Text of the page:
A couple of years ago we interviewed some of those involved in running the Rural Fellowships.  Hear more from them about what they think the fellowships can offer recently qualified GPs…

Gill Clarke – Fellowships Co-ordinator

gillGill has been running the fellowship scheme now for three years.  I asked her about the opportunities available, and why she thinks the fellowship scheme is a good way to enable recently-qualified GPs to experience rural practice.

Gill is very happy to be contacted about any of the fellowship options.  gillian.clarke1@nhs.net


Angus MacTaggart – Islay Rural GP

angusAngus is one of two principals of Islay Medical Services, which now delivers primary health care across the island, as well as out of hours and hospital services.  He describes the attractions and challenges that he identifies with rural practice.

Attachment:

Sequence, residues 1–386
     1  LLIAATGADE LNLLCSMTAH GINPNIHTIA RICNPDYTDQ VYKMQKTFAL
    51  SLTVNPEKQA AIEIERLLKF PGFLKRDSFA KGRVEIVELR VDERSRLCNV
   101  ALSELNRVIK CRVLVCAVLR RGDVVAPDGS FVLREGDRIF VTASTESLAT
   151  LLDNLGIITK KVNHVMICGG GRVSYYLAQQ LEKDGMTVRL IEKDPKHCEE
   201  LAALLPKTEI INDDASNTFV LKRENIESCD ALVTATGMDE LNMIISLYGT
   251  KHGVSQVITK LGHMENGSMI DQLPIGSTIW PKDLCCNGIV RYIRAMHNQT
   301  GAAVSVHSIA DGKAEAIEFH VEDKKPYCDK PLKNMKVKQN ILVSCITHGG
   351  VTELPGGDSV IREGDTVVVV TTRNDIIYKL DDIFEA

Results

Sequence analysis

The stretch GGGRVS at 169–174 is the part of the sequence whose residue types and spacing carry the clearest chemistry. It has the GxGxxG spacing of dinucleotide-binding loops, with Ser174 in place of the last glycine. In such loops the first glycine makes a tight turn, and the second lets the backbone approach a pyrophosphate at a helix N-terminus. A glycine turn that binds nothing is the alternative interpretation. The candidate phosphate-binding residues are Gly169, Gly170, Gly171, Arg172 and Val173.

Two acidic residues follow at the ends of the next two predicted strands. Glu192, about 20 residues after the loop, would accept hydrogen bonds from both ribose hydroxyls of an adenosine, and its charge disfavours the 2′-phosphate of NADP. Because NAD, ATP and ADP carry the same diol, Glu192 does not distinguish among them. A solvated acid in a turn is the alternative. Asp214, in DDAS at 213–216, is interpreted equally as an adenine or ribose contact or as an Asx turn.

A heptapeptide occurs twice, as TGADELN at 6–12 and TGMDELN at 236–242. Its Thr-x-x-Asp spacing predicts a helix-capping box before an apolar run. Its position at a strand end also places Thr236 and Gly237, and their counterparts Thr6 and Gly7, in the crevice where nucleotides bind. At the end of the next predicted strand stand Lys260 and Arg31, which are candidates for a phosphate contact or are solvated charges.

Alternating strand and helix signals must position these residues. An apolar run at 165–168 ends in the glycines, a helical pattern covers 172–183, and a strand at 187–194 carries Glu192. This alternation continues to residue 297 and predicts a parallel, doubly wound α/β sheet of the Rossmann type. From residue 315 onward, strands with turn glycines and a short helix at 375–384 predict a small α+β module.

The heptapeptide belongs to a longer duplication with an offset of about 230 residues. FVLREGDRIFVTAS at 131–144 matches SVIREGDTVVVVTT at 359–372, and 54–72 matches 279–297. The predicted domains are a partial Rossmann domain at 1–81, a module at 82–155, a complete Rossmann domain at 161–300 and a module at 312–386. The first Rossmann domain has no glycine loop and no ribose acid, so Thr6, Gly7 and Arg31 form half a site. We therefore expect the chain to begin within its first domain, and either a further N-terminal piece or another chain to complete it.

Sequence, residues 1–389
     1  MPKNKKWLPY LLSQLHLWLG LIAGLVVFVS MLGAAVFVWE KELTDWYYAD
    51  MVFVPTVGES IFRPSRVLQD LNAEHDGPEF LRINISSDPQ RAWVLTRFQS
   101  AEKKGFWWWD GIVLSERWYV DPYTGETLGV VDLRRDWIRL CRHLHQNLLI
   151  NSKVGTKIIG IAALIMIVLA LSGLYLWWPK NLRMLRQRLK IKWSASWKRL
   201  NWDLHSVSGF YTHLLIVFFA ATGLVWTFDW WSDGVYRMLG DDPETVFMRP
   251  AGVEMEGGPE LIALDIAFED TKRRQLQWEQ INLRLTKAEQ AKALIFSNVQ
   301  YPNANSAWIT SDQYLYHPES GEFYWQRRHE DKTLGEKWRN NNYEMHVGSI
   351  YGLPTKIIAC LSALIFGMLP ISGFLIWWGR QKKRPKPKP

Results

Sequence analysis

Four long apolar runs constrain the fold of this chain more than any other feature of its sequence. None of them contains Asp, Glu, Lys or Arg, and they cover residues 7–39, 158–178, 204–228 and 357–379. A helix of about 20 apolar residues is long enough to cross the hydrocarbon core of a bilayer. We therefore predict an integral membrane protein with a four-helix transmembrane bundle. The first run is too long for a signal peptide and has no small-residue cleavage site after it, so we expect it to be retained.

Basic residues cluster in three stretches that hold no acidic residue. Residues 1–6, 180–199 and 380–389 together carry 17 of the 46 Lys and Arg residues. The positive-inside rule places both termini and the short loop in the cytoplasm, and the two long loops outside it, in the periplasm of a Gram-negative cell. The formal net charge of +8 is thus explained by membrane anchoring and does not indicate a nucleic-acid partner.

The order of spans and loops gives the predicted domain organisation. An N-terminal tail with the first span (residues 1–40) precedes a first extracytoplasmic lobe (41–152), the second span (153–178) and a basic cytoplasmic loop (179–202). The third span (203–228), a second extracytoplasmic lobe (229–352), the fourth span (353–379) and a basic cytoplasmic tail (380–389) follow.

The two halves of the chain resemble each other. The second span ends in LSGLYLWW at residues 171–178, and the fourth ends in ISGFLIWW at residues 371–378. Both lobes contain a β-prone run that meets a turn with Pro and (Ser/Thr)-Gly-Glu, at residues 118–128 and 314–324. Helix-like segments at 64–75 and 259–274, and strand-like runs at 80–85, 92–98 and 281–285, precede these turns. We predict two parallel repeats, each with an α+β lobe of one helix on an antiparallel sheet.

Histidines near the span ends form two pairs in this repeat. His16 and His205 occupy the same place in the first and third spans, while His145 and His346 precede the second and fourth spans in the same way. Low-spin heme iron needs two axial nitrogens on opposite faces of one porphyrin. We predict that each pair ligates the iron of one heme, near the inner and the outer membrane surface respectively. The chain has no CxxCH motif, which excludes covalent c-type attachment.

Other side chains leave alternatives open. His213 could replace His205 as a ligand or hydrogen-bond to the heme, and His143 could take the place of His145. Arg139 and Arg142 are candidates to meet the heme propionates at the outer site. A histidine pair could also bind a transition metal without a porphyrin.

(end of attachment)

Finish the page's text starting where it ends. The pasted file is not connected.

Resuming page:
You can contact Angus at: Angus.mactaggart@nhs.net


Jonathan Hanson – Skye Rural Practitioner (Mackinnon Memorial Hospital)

jonathanJonathan has trained in a multitude of specialties, and has found his ‘perfect’ job requiring constant generalism.  He represents the growing number of ‘acute rural GPs’ who provide hospital-based services as well as out-of-hours GP cover.  With additional strings to his bow such as anaesthetics, the services provided in Broadford mean that patients can frequently be treated locally, instead of facing long journeys to secondary care.

The contact for the Skye Fellowships is now Melanie Meecham: melanie.meecham@nhs.net


Fiona Duff – Primary Care Manager for Caithness & Sutherland (NHS Highland)

fionaFiona oversees GP services to the North of Scotland, which covers a wide geographical area.  Two fellowships are available in this area.  In this interview, Fiona highlights why a move to Sutherland could be a great career move to aspiring rural GPs.

Apologies for the phone interference in this interview, hopefully it is not too distracting!  You can email Fiona at: fiona.duff@nhs.net